Willis describes himself as a 'showand-go' guy, but there's more to him than meets the eye, a sensitive side he showed when he talked about winning the World Series after the 2003 season.
"I'll never forget being in that locker room," Willis said with a gleam of wonderment in his eyes. "That was a feeling no compliment could compare to. It wasn't like Christmas, or any Christmas I've ever had. It was so fun to see everyone hugging each other and telling them they loved each other."
His face was lit like a Christmas tree while describing that moment, something so unexpected, just like the success he's had at such a young age. It's a success that has defied all conventional wisdom and if the results remain the same, that's just fine for Dontrelle Willis.
RELATED ARTICLE: 2005 Pitcher of the Year ratings.
1. Dontrelle WILLIS, Marlins--The flamboyant left-hander led all big league pitchers with 22 wins, seven complete games and five shutouts while registering the third best ERA in the majors with a 2.63 mark.
2. Chris CARPENTER, Cardinals--Carpenter went 21-5 with a 2.83 ERA, four shutouts, seven complete games and 213 strikeouts. He also led all major league pitchers in quality starts--going seven or more innings while allowing three or fewer earned runs with 23.
3. Johan SANTANA, Twins--Despite pitching for an injury-plagued Minnesota club that finished last among American League teams in runs scored and second to last in team batting average (.259), Santana was a rock on the mound with a 16-7 mark, 2.87 ERA, 238 strikeouts and 21 quality starts. With better run support, he easily would have been a 20-game winner.
4. Roy OSWALT, Astros--0swalt is the only pitcher to win 20 games in each of the last two seasons and his 20-12 mark helped the Astros to come from 15 games below .500 early in the season to win the N.L. wild card berth. His MVP performance in the NLCS helped Houston win its first pennant.
5. Bartolo COLON, Angels--The right-hander was the workhorse of the Angels staff that helped Los Angeles to the A.L West Division title. Colon led the Al. with 21 wins and worked 222 innings with a 3.48 ERA and 17 quality starts. His late-season injury in the piayoffs diminished the Angels' chances of returning to the World Series, but without Colon's consistent outings during the regular season, the club never would have made the postseason.
6. Roger CLEMENS, Astros--At 43, he still dominated by pacing all big league hurlers with a 1.87 ERA over 211 innings. He totaled 21 quality starts and with more run support (the Astros were shut out in nine of his 32 starts) he would have won 20 games instead of posting a modest 13-8 mark.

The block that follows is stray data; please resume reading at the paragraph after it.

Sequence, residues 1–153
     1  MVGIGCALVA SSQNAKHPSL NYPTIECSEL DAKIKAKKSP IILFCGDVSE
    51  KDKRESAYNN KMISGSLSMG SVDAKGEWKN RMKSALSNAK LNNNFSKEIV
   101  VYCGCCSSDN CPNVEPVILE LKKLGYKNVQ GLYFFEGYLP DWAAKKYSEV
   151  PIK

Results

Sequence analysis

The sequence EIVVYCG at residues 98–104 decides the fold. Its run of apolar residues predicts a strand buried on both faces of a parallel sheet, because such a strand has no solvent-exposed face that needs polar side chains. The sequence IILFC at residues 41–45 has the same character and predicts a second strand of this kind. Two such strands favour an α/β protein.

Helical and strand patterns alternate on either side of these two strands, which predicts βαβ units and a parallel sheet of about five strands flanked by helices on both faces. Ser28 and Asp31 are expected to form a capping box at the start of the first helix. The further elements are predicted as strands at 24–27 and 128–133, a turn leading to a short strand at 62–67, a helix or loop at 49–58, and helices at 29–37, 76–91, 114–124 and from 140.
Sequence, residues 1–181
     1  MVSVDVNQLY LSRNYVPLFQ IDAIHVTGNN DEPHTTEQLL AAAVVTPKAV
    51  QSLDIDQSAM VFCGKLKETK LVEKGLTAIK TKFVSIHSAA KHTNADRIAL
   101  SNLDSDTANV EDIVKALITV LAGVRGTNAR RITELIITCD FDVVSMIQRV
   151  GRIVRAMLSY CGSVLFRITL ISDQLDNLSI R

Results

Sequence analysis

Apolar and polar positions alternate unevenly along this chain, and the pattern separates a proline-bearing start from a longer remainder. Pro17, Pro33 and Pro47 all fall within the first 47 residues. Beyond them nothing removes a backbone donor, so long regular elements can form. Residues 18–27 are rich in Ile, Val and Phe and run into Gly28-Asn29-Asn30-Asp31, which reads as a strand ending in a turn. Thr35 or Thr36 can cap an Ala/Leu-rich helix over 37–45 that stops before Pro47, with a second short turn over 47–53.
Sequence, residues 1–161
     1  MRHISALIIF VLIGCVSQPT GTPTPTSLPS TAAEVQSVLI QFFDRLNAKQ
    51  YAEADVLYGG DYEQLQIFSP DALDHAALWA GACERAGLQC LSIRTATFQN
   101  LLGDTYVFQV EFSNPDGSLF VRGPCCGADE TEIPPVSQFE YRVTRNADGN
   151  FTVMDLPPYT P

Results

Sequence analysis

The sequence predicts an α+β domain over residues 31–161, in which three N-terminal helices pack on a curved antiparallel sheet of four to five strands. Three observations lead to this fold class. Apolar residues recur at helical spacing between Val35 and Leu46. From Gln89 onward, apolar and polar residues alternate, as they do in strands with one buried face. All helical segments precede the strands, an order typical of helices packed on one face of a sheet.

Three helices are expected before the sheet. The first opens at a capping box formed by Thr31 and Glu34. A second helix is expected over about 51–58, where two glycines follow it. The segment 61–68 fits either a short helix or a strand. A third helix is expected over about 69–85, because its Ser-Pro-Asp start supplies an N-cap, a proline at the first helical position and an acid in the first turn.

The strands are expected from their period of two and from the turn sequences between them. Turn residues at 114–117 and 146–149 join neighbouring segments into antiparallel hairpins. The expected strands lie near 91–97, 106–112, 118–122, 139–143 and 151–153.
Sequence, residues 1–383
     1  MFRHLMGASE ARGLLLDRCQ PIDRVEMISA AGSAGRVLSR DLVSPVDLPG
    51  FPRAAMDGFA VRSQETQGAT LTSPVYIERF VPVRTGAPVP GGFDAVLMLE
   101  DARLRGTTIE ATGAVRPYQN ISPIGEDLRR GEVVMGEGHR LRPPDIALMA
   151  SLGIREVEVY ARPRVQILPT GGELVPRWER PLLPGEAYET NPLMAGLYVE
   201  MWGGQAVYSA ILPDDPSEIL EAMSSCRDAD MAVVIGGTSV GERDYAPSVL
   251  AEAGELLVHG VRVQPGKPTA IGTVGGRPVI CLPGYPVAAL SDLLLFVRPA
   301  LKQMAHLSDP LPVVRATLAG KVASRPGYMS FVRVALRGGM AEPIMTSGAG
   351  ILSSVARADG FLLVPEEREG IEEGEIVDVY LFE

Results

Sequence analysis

7. Mariano RIVERA, Yankees--Surrounded by a Yankee staff that was riddled with injuries and ineffectiveness, Rivera continued his dominance as a closer by saving 43 games with a 1.38 ERA. Alter blowing his first two save opportunities of the year, he saved 30 consecutive and 43 of the next 45 chances to help push the Yankees to their tenth straight A.L. East Division title.
8. Pedro Martinez, Mets--A strong performance from Martinez helped the Mets compete for a division title and wild card berth for most of the year as the right-hander went 15-8 with a 2.82 ERA and 208 strikeouts in 217 innings.
9. Mark BUEHRLE, White Sox--The left-hander finished with a 16-8 record, 3.12 ERA and 236 innings and was the catalyst of an outstanding pitching staff for the world champion White Sox.
10. Jon GARLAND, White Sox--The hard-throwing sinkerball specialist matured as a starter and became an All-Star caliber pitcher with an 18-10 won-lost record, three shutouts and a 3.50 ERA in 221 innings.
11. Andy PETTITTE, Astros--In an injury interrupted 2004 season in which he posted a 6-4 record, Pettitte rebounded in 2005 to help Houston to a World Series appearance with a 17-9 mark, 2.39 ERA and 222 innings in 33 starts.
12. Carlos ZAMBRANO, Cubs--The big right-hander has emerged as the top pitcher on Cubs staff that features Mark Prior, Kerry Wood and Greg Maddux. Zambrano is a power pitcher who put up quality numbers (14-6, 3.26, 223 IP, 202 strikeouts along with a .300 BA as a hitter) for a disappointing club.
13. Jake PEAVY, Padres Peavy ted the N.L. with 216 strikeouts to go with his 13-7 mark and 2.88 ERA for the N.L. West Division champion Padres.
14. Chad CORDERO, Nationals--Due to his dominance out of the bullpen, Cordero helped the Nationals achieve an 81-victory campaign. The right-handed relief specialist led the majors with 47 saves while registering a 1.82 ERA.
15. Cliff LEE, Indians--Lees 18-5 won-lost record was the best winning percentage (.783) in the American League. He became the Tribe's stopper and helped them to a 93-69 record.
--By BOB KUENSTER
BASEBALL DIGEST'S Pitcher of Year Winners Year Pitcher Team Throws 1994 Greg MADDUX Atlanta Braves Right (16-6, 1.56 ERA, 3 shutouts, 156 Ks, 31 walks) 1995 Greg MADDUX Atlanta Braves Right (19-2, 1.63 ERA, 3 shutouts, 181 Ks, 23 walks) 1996 John SMOLTZ Atlanta Braves Right (24-8, 2.94 ERA, 2 shutouts, 276 Ks, 55 walks) 1997 Roger CLEMENS Toronto Blue Jays Right (21-7, 2.05 ERA, 3 shutouts, 292 Ks, 68 walks) 1995 Kevin BROWN San Diego Padres Right (18-7, 2.38 ERA, 3 shutouts, 257 Ks, 49 walks) 1999 Pedro MARTINEZ Boston Red Sox Right (23-4, 2.07 ERA, 1 shutout, 313 Ks, 37 walks) 2000 Pedro MARTINEZ Boston Red Sox Right (18-6, 1.74 ERA, 4 shutouts, 284 Ks, 32 walks) 2001 Curt SCHILLING Arizona Diamondbacks Right (22-6, 2.98 ERA, 1 shutout, 293 Ks, 39 walks) 2002 Randy JOHNSON Arizona Diamondbacks Left (24-5, 2.32 ERA, 4 shutouts, 334 Ks, 71 walks 2003 Roy HALLADAY Toronto Blue Jays Right (22-7, 3.25 ERA, 2 shutouts, 204 Ks, 32 walks) 2004 Curt SCHILLING Boston Red Sox Right (21-6, 3.26 ERA, 226.2 IP, 203 Ks. 35 walks) 2005 Dontrelle WILLIS Florida Marlins Left (22-10, 2.63 ERA, 5 shutouts, 170 Ks, 55 walks
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|Date:||Jan 1, 2006|